Bulk loader xidmap memory optimization

While bulk loading a dataset with a high number of unique xids, the bulk loader goes out of memory in the mapper phase. We keep a sharded map (XidMap) of xids to their corresponding id so that multiple instances of the same blank nodes get the same id. The collected memory required by the shared map and all the xids increases significantly.

We propose that we introduce a command-line option to the bulk loader, --limitMemory. This option would allow the user to limit the memory required by the xidmap of the bulk loader. It works by dumping the xidMap onto the disk using badger. We would prompt the users to use this mode if the input file exceeds a certain threshold. This option would only be used in the case when you are running a big dataset with a high number of unique xids.

Implementation Details

The current xidMap exists only inside one function AssignUid. This function takes xid as an input, and gives the id for the corresponding xid. It first reads the map under a read lock to check if the value exists and returns. If it doesn’t exist, it acquires a write lock, gets a new id, and assigns it to the map.

We propose that we add a bloom filter, ristretto cache, and a badger to this xidMap. Badger allows us to dump excess xids onto disk. Bloom Filter and cache would allow us to reduce the amount of the read calls we need to make to Badger. After the length of uidMap (in memory go map for xids) exceeds a certain threshold, we dump it to bloom filter, ristretto cache, and finally badger.

When we need to read, we first check uidMap, then bloom filter, then badger.


for uidMap := range badgerWriteCh {
		// acquire lock
		// store uidMap in cache 
		// store uidMap in badger 

if len(xidMap) > 1000000 { // trigger point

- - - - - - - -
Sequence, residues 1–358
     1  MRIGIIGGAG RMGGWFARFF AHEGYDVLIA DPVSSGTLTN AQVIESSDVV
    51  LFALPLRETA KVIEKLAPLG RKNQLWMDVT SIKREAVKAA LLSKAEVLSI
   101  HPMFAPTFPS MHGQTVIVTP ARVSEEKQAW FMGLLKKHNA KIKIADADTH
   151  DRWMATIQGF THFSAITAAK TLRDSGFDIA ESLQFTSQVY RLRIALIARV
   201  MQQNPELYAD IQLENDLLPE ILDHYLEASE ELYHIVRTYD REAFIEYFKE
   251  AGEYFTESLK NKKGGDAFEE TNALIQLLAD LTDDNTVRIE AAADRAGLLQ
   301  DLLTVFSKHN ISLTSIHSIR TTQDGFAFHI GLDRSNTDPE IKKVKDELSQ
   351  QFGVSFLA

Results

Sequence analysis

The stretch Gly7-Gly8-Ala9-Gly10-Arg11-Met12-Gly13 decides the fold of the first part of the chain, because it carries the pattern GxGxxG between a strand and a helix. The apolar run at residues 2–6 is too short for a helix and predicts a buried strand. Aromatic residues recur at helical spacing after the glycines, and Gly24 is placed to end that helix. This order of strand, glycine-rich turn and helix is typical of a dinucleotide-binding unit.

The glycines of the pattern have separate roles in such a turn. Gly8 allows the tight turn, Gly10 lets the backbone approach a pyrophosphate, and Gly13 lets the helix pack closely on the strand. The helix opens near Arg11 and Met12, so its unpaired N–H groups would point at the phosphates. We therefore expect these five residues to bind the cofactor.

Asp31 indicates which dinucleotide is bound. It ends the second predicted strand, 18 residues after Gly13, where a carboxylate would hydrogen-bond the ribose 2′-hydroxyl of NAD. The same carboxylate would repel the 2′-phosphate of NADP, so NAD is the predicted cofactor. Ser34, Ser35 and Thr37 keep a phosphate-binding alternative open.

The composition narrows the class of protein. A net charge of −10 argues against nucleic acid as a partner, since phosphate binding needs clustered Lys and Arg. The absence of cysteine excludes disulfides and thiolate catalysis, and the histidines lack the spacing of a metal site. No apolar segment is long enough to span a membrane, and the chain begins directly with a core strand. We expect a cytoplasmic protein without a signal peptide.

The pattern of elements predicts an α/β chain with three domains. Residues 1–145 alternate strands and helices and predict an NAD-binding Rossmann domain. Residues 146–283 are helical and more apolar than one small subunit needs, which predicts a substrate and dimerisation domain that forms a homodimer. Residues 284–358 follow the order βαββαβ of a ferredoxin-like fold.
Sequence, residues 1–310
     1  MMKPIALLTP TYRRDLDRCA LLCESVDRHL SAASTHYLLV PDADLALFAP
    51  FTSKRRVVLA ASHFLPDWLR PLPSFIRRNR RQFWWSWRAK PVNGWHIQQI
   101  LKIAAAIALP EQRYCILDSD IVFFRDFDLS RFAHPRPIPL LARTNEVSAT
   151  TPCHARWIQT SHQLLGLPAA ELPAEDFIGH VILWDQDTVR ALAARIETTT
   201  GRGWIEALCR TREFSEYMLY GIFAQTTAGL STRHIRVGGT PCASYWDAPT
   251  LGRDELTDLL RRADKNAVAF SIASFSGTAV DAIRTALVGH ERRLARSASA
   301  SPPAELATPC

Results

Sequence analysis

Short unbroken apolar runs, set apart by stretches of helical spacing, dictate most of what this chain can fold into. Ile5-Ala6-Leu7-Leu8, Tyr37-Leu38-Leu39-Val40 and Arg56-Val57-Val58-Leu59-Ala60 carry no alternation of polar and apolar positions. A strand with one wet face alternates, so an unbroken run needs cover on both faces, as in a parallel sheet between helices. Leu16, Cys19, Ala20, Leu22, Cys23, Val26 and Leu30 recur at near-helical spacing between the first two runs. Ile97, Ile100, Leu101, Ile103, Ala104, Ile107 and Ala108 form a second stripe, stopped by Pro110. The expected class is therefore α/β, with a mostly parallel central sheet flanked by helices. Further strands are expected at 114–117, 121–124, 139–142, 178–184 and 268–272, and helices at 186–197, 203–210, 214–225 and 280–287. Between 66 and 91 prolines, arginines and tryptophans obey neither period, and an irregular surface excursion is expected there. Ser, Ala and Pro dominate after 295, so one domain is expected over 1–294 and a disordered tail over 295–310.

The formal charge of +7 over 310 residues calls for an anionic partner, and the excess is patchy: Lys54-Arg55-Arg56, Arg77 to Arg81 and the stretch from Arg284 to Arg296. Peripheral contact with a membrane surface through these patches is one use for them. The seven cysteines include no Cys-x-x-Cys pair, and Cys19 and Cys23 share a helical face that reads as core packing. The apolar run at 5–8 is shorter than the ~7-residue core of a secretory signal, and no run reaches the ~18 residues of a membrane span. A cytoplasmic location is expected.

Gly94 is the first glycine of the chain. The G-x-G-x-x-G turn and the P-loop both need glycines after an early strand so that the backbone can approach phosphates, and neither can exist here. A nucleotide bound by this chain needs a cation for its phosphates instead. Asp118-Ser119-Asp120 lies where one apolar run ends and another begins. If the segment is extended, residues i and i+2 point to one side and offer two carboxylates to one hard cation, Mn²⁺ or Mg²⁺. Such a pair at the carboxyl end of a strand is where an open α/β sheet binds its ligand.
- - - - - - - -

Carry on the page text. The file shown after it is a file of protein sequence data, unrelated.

badgerWriteCh <- uidMap

	for key, _ := range uidMap {
		// Add the keys to bloom filter

	uidMap = memPool.Get()


uid, ok := uidMap[xid] // check if the xid exists in current map
if !ok && exists_in_bloom_filter {
	// Check cache for xid
	// Acquire lock
	// Wait for writes to finish. 
	// Seek the key from badger

badgerWriteCh is a buffered channel which dumps the data onto badger. The buffer size of this channel allows us to limit the memory used by xidMap. This solution limits the memory used by bulk to be around 40GB no matter the size of the input. The xidmap is limited to 4GB of space.

Performance impact

The performance of the solution depends upon the ratio of unique to total xids in the dataset. In the case of a high unique xids ratio, we expect the solution to perform better. To check the hypotheses, we created 5 different datasets that should represent various cases for the bulk loader. The database can be small or big, high/low unique xids.

  1. 100 Million RDFs (10 million xid)
  2. 1 Billion RDFs (100 million xid)
  3. 100 Million RDFs (100 million xid)
  4. 300 Million RDFs (300 million xid)
  5. 1 Billion RDFs (1 billion xid)

In all these datasets, memory usage was typically around 40-45 GB. Except for the 1Billion/1Billion and 300 Million/300 cases for master. In those two cases, memory spikes and causes to around 50GB. At around 350 Million, master OOMs.

1 Billion / 1 Billion 1 Billion / 100 Million 100 Million / 100 Million 100 Million / 10 Million 300 Million / 300 Million
Master OOM (18m45s, 357 RDF) 36m 57s 3m 25s 3m 04s 15m 41s
BigMap 1h 19m 40 50m 4m 26s 3m 14s 15m 04s

Apart from the 1 Billion / 1 Billion case, master overperforms the solution. However, under increasing load on xidMap, master becomes slow and takes up too much memory. Thus we suggest users use the solution only when they have a high number of unique xids.

Alternate solutions tried

  1. Skip list in badger instead of a BatchWriter: Skip lists have predefined space, requiring us to guess how much memory to use or to continually grow the memory. If we do predefined memory, we can just allocate the memory in the xidMap, and we would get a similar performance gain. Plus, it wouldn’t help with big datasets where we need to dump the data off to the disk.

  2. The number of map shards/badgers: Keeping only 1 badger per 32 map shards, was leading to a lot of threads waiting for reads as badger was the bottleneck. We tried using 1 badger per map shard, but that led to all the CPU time being hogged by the badger. This performs well in a heavy unique/total xid ratio, but in other cases, it cancels the effect of the cache. Using 16 badgers for 32 map shards seems to be most optimal.

  3. Smaller batches of write: One concern is that we dump too much data at once onto disk, which could cause bottlenecks. One simple solution is to decrease the batch size of write. However, running smaller writes slows down the progress, which offsets the gain it provides.

  4. Higher threshold: The current threshold for triggering disk write is hardcoded to 1Million. Increasing this threshold doesn’t change performance while increasing the memory used. Even though we keep more data in memory, we still take the same amount of time writing to the disk. Hence we see no gain.